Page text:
Periodic cover silviculture (jaksollinen metsänkasvatus)

During the 20th century Finnish forestry gradually introduced a form of forest management in which the forest is managed in cycles called rotation periods, ending in forest regeneration. The purpose of this is to simulate the natural development of a forest, called succession, during which several succession stages and habitats follow each another.

The rotation period ends in a regeneration felling, which is also considered the beginning of forest regeneration. A regeneration felling may include the removal of all or almost all trees (clear cutting or clear felling) depending on the guidelines of forestry management, but seedling trees or mother trees (seedling felling) or shelterwood (shelterwood felling) may also be left unfelled.

Clear cutting or clear felling means the felling of all or nearly all trees in a forest, depending on the guidelines of forestry management. According to PEFC-certification, 5–10 trees are left permanently standing in connection with clear felling. Their purpose is to promote biodiversity.

Leaving seedling and shelterwood trees unfelled means that the regeneration is called natural, because the new trees are seedled naturally. In a seedling felling, 50 to 150 seedling trees are left per hectare. The seeds from these trees will grow into a new forest after the final felling.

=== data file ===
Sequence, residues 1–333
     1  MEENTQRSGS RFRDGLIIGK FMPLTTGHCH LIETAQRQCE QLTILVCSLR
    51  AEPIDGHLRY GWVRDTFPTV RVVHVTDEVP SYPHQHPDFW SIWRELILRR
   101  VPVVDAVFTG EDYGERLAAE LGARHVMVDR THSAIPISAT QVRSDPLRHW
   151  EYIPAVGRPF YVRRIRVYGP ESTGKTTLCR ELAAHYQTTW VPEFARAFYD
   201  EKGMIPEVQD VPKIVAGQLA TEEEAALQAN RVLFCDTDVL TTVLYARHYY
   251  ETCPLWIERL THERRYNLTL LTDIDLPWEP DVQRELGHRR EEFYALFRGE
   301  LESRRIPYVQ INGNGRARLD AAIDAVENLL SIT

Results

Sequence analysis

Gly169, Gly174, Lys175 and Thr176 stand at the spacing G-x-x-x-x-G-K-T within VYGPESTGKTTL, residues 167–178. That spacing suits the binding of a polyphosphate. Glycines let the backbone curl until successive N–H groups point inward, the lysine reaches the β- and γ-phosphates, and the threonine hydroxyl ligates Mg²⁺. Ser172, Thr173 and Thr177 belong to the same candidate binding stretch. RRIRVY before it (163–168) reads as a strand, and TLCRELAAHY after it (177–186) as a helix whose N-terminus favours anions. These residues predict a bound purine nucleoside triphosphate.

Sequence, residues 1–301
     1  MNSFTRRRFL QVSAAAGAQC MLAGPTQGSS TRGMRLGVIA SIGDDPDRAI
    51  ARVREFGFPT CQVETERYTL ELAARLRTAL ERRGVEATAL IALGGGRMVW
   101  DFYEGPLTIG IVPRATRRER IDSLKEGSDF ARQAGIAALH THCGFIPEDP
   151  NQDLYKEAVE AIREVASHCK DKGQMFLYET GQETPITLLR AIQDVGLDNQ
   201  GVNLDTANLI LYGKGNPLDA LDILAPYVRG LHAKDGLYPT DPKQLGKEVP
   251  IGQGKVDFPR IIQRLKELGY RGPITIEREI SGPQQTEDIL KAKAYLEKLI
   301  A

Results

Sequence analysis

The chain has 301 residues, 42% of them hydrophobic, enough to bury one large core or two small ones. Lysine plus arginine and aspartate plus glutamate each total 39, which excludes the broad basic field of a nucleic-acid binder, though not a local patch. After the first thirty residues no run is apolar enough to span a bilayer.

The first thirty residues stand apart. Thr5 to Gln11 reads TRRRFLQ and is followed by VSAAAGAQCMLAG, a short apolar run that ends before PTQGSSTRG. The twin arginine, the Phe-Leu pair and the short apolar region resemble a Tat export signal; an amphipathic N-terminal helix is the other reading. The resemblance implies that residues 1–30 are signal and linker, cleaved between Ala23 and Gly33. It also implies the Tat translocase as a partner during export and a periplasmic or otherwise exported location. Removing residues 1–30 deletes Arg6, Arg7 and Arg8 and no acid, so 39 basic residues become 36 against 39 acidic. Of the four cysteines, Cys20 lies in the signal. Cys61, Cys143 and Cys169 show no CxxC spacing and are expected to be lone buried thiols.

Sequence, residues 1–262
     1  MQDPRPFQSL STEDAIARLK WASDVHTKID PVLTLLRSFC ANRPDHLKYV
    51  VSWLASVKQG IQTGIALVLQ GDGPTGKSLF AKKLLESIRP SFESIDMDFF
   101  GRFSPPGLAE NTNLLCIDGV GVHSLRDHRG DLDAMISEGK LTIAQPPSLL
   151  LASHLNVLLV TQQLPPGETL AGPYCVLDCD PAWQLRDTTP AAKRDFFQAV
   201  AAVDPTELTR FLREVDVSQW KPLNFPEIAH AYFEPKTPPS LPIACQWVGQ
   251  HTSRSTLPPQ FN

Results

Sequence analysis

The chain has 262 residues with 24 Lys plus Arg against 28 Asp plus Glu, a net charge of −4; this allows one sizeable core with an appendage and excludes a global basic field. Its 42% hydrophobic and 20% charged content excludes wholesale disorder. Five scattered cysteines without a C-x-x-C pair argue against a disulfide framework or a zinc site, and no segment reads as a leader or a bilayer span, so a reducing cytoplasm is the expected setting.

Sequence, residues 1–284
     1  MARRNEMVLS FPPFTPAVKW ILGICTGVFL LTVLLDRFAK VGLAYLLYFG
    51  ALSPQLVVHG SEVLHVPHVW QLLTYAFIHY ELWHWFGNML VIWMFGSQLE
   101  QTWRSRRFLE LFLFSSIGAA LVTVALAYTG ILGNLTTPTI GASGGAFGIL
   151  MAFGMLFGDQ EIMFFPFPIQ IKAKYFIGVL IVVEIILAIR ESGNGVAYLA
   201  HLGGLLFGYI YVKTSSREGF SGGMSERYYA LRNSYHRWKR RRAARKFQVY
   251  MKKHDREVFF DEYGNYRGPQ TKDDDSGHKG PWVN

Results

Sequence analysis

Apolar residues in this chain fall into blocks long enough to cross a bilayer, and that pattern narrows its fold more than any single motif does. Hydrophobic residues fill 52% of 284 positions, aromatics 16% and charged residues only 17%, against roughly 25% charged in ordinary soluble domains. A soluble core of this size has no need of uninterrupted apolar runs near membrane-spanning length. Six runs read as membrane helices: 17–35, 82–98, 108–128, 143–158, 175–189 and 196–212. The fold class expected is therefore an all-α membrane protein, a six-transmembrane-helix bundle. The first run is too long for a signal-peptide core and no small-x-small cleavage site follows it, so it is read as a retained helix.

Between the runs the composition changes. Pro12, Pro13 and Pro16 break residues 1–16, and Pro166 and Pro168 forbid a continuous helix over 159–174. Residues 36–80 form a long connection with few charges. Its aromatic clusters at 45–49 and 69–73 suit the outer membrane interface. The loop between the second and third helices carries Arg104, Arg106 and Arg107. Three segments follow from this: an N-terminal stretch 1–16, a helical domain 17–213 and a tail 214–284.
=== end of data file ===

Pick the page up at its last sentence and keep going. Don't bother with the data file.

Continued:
Shelterwood felling is used when felling spruce, if the intention is to generate a new spruce stand on the site. In shelterwood felling, 200 to 400 shelter trees per hectare are normally left, to protect the spruce seedlings, which prefer shade.

After a final felling the forest is either cultivated – which means either sowing or planting – or allowed to regenerate naturally, in the case of seedling felling. Once the stand has become stabilised, the seedling trees and shelterwood are removed in a cutting of hold-overs. The first trees to spread naturally onto a felling site are called pioneer trees. In connection with regeneration, the soil is often prepared.

The normal rotation period in Southern Finland is 60 to 80 years. At the end of the rotation period, the forest is called mature or regeneration-ready. During the rotation period of a forest area, seedling stands are tended and thinnings are carried out.

In Finnish: Ylispuuhakkuu (cutting of hold-overs)